- Corporations: Check with your local chamber of commerce
- Foundations: The Foundation Center (www.fdncenter.org)
- Government grants: Call your local elected officials or the officials who oversee Medicaid or SCHIP in your state
Step 4: Determine your best targets.
After developing your preliminary list, you will need to prioritize your targets. Your best targets are the ones that have the financial ability to contribute, interest in your work and some connection to you. The diagram that follows provides a visual representation of the process for identifying top prospects.
For each prospect, you will need to balance the issues of potential grant amount, interest and access with the amount of time required to cultivate the prospect (e.g., grant deadlines). Follow these steps to prioritize your list:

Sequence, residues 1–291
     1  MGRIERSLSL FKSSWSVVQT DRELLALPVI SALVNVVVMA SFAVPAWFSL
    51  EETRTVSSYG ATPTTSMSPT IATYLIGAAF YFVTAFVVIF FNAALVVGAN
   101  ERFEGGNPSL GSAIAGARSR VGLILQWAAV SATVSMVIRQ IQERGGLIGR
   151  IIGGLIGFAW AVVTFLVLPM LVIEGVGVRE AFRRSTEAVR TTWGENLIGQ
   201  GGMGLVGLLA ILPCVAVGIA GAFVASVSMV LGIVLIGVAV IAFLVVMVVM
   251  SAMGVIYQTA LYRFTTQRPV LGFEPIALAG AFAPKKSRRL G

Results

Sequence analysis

1. Rank your prospects by the potential grant amount. - If a prospect has the ability to provide you with 50 percent or more of your goal, it should be a top priority. A funder with the ability to contribute 25 percent or more of your goal should be a high priority. Keep in mind that the larger the prospective grant, the more time you should expect to devote to cultivating that gift.
2. Rank your prospects by the level of interest they may have in your CKF project. - If the type of work you do on Covering Kids & Families falls within the prospect's giving guidelines or interests, it is a good prospect, and its ranking on your priority list will be determined by the potential amount of the grant and your level of access to the funder. If your work does not fall within the prospect's giving guidelines, you will need to have a legitimate reason to believe that you could convince the funder to deviate from its guidelines or interests in order to include it on your target list.
3. Rank your prospects by the level of access you have to them. - You will need to balance the amount of time you devote to securing funds from prospects to which you have a close relationship with the potential size of the grant. If you do not have access, you will need to determine if the potential size of the grant merits the time it will take you to cultivate a relationship.